The author is grateful to Dong He, Sabyasachi Mitra, Donghyun Park, Lei Lei Song, Akiko Terada-Hagiwara, and Shang Jin Wei for helpful comments and suggestions, and Ruth Francisco, Hanol Lee and Lea Sumulong for able research assistance.
Article first published online: 24 JUN 2013
© 2013 John Wiley & Sons Ltd
The World Economy
Volume 37, Issue 1, pages 42–62, January 2014
How to Cite
Lee, J.-W. (2014), Will the Renminbi Emerge as an International Reserve Currency?. World Economy, 37: 42–62. doi: 10.1111/twec.12092
- Issue published online: 13 JAN 2014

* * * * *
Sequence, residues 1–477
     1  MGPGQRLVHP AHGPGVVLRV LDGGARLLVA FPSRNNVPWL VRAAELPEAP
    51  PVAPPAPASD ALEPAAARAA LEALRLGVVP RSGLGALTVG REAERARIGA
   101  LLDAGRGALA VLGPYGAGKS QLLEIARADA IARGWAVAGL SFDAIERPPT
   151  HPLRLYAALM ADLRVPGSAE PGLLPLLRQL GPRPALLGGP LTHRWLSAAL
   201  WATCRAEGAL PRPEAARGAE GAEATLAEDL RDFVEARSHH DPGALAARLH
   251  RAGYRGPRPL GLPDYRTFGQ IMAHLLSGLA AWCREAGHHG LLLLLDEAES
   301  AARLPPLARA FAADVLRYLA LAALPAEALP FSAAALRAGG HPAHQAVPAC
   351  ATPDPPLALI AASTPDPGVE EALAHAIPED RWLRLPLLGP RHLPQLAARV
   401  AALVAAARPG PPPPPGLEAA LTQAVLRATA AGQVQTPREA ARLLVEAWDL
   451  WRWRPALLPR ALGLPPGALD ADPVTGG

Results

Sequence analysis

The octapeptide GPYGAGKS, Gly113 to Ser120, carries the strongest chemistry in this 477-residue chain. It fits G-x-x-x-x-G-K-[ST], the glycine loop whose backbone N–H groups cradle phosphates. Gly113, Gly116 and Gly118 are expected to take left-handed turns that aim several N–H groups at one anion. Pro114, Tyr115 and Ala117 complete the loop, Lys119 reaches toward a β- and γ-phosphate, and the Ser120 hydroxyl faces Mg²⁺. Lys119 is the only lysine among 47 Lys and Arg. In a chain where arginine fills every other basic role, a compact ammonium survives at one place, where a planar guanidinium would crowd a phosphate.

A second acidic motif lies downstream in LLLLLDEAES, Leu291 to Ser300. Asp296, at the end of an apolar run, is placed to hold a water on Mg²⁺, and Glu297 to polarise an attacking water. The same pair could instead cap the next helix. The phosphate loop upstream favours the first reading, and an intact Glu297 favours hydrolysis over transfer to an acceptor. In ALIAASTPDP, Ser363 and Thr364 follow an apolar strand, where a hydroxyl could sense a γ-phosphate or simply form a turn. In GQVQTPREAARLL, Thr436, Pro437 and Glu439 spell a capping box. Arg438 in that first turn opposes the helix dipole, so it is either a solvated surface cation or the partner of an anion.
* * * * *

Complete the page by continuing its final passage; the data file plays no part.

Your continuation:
- Article first published online: 24 JUN 2013
The global reserve system can be strengthened by increasing the role of alternative currencies. A gradual evolution to a multicurrency system reduces pressure on a single reserve currency issuer from an ever-growing balance-of-payments deficit. It also allows countries to better diversify their foreign exchange holdings. Given the continuing strong economic growth in the China and its growing influence on the world economy, the renminbi will likely emerge as a new international currency. However, this is contingent on the China accepting a more convertible capital account and developing an efficient financial system. Internationalising the renminbi will likely be a gradual and drawn-out process. Simulations show that, with greater convertibility, the renminbi could gradually become an international currency within Asia and beyond – sharing from 3 to 12 per cent of international reserves by 2035.